Billy Howle discusses major new BBC Two drama, MotherFatherSon
MotherFatherSon is a new eight-part drama for BBC Two, written by Tom Rob Smith and starring Richard Gere, Helen McCrory, Billy Howle, and Sarah Lancashire. Episode 1 is available now via BBC iPlayer.
Max (Richard Gere) owns one of the world’s most influential media empires. Information is his trade: he holds dark secrets on everyone, and uses his power ruthlessly.
His son Caden (Billy Howle) is the youngest ever editor of Max’s prized newspaper, The National Reporter. But Caden is crumbling under the pressure of his father’s expectations, numbing his pain with drugs and excess. When Caden suffers a massive stroke, he’s left like a helpless child, battling to rebuild his life.
For Kathryn (Helen McCrory) - Max’s estranged wife - this is a second chance to be a mother to her son. A respected former journalist from a wealthy British family, she’s determined to reconnect with the sensitive boy Max ripped away from her.
As Max and Kathryn fight for the soul of their son, another fight is about to begin. Caden knows secrets that could bring Max’s empire crashing down. And Caden’s silence can’t be bought. This is a fight for family, a fight for truth - a fight for the heart of the nation.
Billy Howle tells us more.
Tell us about Caden
Caden Finch is the son of Max Finch and Kathryn. His parents divorced when he was about 10 years old. His father Max takes him under his wing. Max is a media mogul/tycoon who owns a lot of newspapers, and teaches Caden from grass-roots level all the way up to becoming the editor of a newspaper. So at quite a young age, Caden becomes the editor of a newspaper called The National Reporter, and it’s brought into question whether he’s up for the job, whether he’s adequate, whether he has the skills required to run a newspaper.
As a result of Caden’s addiction to narcotics he has a stroke in episode one, which brings a rather estranged and dysfunctional family unit (Mother, Father, Son) back together under quite adverse circumstances.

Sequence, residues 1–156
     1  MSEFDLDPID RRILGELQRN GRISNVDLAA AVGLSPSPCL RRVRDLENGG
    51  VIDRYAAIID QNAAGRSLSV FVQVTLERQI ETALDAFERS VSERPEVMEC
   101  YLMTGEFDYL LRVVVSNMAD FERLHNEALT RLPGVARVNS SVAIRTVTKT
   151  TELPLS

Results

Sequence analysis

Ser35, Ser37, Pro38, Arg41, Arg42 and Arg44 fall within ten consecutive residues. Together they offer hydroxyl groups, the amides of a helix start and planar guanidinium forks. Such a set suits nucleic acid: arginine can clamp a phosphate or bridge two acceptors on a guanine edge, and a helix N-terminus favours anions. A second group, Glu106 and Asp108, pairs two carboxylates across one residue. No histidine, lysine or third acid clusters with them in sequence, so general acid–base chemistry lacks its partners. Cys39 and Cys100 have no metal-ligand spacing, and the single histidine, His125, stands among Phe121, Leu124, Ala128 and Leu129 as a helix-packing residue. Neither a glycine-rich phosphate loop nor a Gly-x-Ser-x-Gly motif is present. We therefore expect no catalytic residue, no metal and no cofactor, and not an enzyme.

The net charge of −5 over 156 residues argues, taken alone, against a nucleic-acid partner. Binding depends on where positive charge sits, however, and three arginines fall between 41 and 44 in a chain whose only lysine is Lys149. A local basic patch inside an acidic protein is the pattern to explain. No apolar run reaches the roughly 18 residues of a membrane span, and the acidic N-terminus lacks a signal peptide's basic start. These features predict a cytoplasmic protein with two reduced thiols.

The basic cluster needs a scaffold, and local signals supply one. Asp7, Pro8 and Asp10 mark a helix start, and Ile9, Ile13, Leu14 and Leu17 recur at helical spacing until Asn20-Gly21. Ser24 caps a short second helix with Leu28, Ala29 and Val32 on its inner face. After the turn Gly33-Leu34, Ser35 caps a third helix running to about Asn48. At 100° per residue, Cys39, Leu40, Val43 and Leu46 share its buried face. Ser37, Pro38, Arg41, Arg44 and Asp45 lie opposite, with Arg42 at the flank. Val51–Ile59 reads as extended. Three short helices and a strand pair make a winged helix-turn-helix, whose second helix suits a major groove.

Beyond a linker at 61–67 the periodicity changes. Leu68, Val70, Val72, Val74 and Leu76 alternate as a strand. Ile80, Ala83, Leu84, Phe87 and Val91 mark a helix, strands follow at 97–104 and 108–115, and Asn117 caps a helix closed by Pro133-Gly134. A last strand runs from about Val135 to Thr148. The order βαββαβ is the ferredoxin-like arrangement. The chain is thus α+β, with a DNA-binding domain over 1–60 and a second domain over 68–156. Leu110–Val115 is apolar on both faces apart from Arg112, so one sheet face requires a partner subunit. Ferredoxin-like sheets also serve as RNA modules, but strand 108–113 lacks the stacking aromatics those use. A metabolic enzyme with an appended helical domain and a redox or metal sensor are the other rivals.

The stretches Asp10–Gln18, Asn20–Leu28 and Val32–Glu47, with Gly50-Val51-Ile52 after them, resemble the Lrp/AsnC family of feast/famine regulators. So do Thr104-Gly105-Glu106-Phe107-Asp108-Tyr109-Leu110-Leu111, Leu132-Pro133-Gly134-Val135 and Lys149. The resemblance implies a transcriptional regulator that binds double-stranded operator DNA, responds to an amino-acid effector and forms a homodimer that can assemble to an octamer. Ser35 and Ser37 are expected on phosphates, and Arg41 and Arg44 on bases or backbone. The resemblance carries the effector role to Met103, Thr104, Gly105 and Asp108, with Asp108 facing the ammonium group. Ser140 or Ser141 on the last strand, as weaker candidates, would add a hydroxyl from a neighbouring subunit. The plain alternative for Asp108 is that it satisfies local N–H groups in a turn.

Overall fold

Would you describe him as troubled?
I think we’re all troubled really. All people have strengths and weaknesses. It would be very easy to write a character who is either strong or weak - what Tom Rob Smith does very, very well is show the dark and light in all of us.
Everyone always talks about whether a character should be likeable or not on the screen, but as an actor I don’t manage or manufacture my performance around levels of likability, because I don’t think that serves the story. Also it propagates an idea of hero and antihero, good versus evil, which I don’t believe in.
Where do we meet Caden in episode one?
We find Caden employed by his father to run the newspaper, The National Reporter. Caden is Editor-in-Chief, and it’s brought into question early on whether he’s actually up to the job and whether he is best suited to that particular line of work. Towards the end of the episode, when Caden is spiralling out of control and relying on a lot of Class A substances to get by, he has a devastating stroke. Immediately we see him stripped of everything that he once was.
From the start of episode one, when we find him in the finest, bespoke Savile Row tailoring, he's suddenly he’s in a hospital gown, his personality completely changed, his ability to speak completely gone, and his motor skills severely impaired on the right side of his body. We see Caden progress from there and rebuild his life in the best way that he can.
What were you first impressions when you read the scripts?